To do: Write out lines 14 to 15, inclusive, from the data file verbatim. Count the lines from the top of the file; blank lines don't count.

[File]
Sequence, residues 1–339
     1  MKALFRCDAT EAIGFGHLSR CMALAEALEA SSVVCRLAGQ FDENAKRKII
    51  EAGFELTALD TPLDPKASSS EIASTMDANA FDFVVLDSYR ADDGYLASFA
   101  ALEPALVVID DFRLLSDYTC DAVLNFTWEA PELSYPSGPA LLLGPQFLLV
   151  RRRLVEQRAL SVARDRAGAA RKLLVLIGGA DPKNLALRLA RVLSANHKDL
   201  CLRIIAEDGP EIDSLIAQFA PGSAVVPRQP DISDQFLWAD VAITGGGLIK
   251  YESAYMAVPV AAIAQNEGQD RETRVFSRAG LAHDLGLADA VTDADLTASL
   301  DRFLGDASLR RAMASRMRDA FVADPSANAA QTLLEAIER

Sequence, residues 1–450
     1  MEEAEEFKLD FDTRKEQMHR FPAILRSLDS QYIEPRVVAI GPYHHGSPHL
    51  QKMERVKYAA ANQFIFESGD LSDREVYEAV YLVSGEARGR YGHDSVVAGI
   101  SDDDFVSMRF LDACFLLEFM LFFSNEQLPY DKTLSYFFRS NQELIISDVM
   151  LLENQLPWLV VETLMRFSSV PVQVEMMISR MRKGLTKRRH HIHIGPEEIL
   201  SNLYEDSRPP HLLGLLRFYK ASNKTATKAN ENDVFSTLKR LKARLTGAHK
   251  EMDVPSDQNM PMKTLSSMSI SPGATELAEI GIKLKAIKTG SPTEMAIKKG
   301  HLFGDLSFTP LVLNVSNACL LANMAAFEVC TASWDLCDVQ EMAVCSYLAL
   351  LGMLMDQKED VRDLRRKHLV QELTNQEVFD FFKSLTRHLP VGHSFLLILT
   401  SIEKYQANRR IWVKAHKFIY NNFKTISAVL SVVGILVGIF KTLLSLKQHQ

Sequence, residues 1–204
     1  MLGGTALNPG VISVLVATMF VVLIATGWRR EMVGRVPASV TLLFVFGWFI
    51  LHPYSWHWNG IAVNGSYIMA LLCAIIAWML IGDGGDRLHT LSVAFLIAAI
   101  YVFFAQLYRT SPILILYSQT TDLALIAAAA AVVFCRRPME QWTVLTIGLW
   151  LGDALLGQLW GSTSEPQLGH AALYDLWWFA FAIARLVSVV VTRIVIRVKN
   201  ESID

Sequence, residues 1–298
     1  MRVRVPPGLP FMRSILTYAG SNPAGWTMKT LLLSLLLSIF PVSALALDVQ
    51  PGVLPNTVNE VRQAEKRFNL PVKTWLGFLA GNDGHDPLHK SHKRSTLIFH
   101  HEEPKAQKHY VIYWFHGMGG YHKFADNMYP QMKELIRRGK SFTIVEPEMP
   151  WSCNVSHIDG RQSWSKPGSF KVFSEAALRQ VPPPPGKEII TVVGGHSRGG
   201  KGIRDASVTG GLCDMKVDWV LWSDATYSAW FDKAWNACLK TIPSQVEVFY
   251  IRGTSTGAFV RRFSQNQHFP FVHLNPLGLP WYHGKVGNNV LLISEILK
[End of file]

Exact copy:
   201  SNLYEDSRPP HLLGLLRFYK ASNKTATKAN ENDVFSTLKR LKARLTGAHK
   251  EMDVPSDQNM PMKTLSSMSI SPGATELAEI GIKLKAIKTG SPTEMAIKKG